'The Prayer' ('La Priere'): Film Review | Berlin 2018

Courtesy of Carole Bethuel/Les Films du Worso
The habit makes the monk in this compelling portrait of rehab and religion.

French director Cedric Kahn (‘Red Lights’) chronicles one young drug addict’s difficult path to recovery in this Berlin Competition entry.

French director and occasional actor Cedric Kahn is probably best known in the U.S. for a trio of thrillers he made more than a decade ago, beginning with the brooding sexual obsession story L’Ennui, which he followed up with the serial-killer portrait Roberto Succo and the Georges Simenon adaptation Red Lights. Since then, Kahn has made a handful of dramas exploring different facets of Gallic life, from the affairs of the bourgeoisie (The Regrets) to the travails of a struggling middle-class couple (A Better Life) to those of a family living on the fringes of modern society (Wild Life).

Each movie is marked by Kahn’s razor-sharp direction and excellent choice of cast, with characters often caught in a downward spiral that takes on increasing levels of angst. His latest effort, The Prayer (La Priere), is cut from a similar cloth, although the trajectory of its young hero moves in the opposite direction: from a place of darkness and abandon to one of possible redemption.

The film follows Thomas (Anthony Bajon, riveting), a 22-year-old heroin addict who washes up on the doorstep of a rehab clinic at the foot of the French Alps. Sporting a black eye and behaving very much like a wounded animal, Thomas is taken in by the clinic’s de facto leader, Marco (Spanish actor Alex Brendemuhl), who explains the rules of a place that seems to be part monastery, part detox center and part military barracks. Its inhabitants are almost all young men, hailing mostly from rough backgrounds and trying to kick their drug habits through a mix of prayer and hard labor. They are completely cut off from society and have to rely on one another to survive.

Kahn and co-writers Fanny Burdino and Samuel Doux, working from an original idea by Aude Walker, chronicle Thomas’ rocky road to recovery in painstaking detail. At first he seems like a lost cause — the kid can barely utter a word; violently attacks anyone who tries to help him out; and, after only a week or two, decides to run away.

Thankfully, he doesn’t make it that far, washing up at the home of a charitable family whose beautiful archeologist daughter, Sybille (Louise Grinberg), soon becomes a love interest. If that plot point seems a tad contrived, the rest of The Prayer, which follows Thomas as he gives rehab a second go, is infused with plenty of documentary-like authenticity, especially in its portrayal of a group of young men trying to exorcise their demons. Most of them are poor and have been abandoned by their families, which is why the camaraderie provided by the collective becomes the only positive thing keeping them afloat.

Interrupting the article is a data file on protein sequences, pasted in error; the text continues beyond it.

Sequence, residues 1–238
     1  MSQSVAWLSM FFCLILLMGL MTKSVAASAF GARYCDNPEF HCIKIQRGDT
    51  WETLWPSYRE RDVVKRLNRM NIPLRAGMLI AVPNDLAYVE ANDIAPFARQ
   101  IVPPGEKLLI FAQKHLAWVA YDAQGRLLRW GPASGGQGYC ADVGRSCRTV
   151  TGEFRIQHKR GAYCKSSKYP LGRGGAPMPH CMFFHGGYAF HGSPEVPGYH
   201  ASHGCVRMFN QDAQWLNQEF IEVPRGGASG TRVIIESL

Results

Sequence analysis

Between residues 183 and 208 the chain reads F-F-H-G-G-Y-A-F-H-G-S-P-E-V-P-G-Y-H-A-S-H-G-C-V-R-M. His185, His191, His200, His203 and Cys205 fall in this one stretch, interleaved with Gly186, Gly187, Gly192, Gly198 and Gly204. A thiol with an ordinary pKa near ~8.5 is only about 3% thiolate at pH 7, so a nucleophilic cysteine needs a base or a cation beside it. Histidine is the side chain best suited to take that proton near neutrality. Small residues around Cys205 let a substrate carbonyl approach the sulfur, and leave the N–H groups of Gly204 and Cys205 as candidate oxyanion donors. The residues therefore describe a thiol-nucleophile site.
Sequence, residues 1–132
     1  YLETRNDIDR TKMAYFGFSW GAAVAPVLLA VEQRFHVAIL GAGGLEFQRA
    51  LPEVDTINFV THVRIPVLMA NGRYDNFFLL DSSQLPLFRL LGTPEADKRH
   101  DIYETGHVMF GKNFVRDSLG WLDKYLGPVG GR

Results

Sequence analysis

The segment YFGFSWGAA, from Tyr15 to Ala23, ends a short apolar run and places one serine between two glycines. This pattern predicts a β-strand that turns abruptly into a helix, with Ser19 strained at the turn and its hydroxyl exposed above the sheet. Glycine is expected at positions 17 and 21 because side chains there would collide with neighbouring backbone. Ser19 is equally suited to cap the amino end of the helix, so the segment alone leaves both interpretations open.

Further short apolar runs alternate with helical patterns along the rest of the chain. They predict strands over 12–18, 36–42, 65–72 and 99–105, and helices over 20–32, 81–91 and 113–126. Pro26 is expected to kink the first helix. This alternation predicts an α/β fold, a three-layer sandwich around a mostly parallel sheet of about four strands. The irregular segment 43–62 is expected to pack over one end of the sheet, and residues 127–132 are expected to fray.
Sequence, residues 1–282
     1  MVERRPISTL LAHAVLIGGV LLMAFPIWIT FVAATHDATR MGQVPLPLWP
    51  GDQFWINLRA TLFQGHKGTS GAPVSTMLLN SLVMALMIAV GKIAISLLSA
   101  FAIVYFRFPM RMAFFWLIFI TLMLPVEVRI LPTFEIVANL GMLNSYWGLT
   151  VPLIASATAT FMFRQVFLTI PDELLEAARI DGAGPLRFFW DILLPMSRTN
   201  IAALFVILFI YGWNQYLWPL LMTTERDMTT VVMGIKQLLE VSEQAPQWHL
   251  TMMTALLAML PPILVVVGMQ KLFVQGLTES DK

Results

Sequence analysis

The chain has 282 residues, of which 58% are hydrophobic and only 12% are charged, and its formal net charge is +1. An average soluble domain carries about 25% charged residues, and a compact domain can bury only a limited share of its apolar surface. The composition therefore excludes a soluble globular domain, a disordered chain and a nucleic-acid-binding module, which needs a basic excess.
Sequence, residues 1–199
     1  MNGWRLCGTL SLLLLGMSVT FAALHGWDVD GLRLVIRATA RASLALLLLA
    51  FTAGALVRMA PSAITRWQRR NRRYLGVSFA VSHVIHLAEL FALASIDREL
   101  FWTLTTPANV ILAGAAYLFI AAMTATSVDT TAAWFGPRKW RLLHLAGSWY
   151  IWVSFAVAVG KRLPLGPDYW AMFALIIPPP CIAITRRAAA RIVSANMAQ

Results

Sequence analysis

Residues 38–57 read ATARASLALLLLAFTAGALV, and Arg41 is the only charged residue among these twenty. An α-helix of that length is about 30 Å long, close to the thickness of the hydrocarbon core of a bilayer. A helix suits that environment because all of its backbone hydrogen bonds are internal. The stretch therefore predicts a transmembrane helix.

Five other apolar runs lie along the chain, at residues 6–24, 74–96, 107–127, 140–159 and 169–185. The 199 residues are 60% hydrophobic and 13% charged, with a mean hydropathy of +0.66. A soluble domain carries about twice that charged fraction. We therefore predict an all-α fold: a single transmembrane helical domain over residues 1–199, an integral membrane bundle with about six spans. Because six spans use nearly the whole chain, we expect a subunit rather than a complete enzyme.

Certain sequences stick out, most notably an early one where Thomas goes through the painful throes of heroin withdrawal while his roommates try to subdue him. It looks like his body is quaking with religious ecstasy, or else that he’s suffering a beating like the ones administered by the Marines in Kubrick’s Full Metal Jacket. Indeed, The Prayer seems caught between a world of spiritual awakening and one of Marine Corps-style brutality, although in terms of the latter the characters mostly do damage to themselves by failing to stay drug free.

Another film that comes to mind is Jacques Audiard’s A Prophet, whose hero follows a similar upward trajectory in a very different setting. Here, we see Thomas gradually crawling out of his shell and coming into his own amid a monumental backdrop of snow-capped peaks and open skies, which only underscores the fact that his prison is an internal one. Toward the end of the movie, he’s been transformed from a mute vagrant into a penitent altar boy, although it’s unclear if he is now a true believer or if Catholicism is simply another form of addiction. (Thomas is interrogated at one point by a visiting nun — played by the great German actress Hanna Schygulla — who further questions his faith and pushes him toward a greater conviction.)

Kahn never offers an easy way out for Thomas, even if the finale tends to wrap things up in ways that seem a little too conclusive. But his film mostly explores, with steadfastness and moments of raw emotion, the crude uphill battle faced by junkies on the path to recovery. It’s a veritable way of the cross where many don’t make it and others do, only to relapse a few months or years later. To paraphrase what one boy says to Thomas: You always remain an addict even when you’re finally clean. In The Prayer, those who manage to kick their habits once and for all like some kind of a miracle.

Production company: Les Films du Worso
Cast: Anthony Bajon, Damien Chapelle, Alex Brendemuhl, Louise Grinberg, Hanna Schygulla
Director: Cedric Kahn
Screenwriters: Fanny Burdino, Samuel Doux, Cedric Kahn, based on an original idea by Aude Walker
Producers: Sylvie Pialat, Benoit Quainon
Director of photography: Yves Cape
Production designer: Guillaume Deviercy
Costume designer: Alice Cambournac
Editor: Kayre Gardette
Casting director: Antoine Carrard
Sales: Le Pacte

In French
107 minutes

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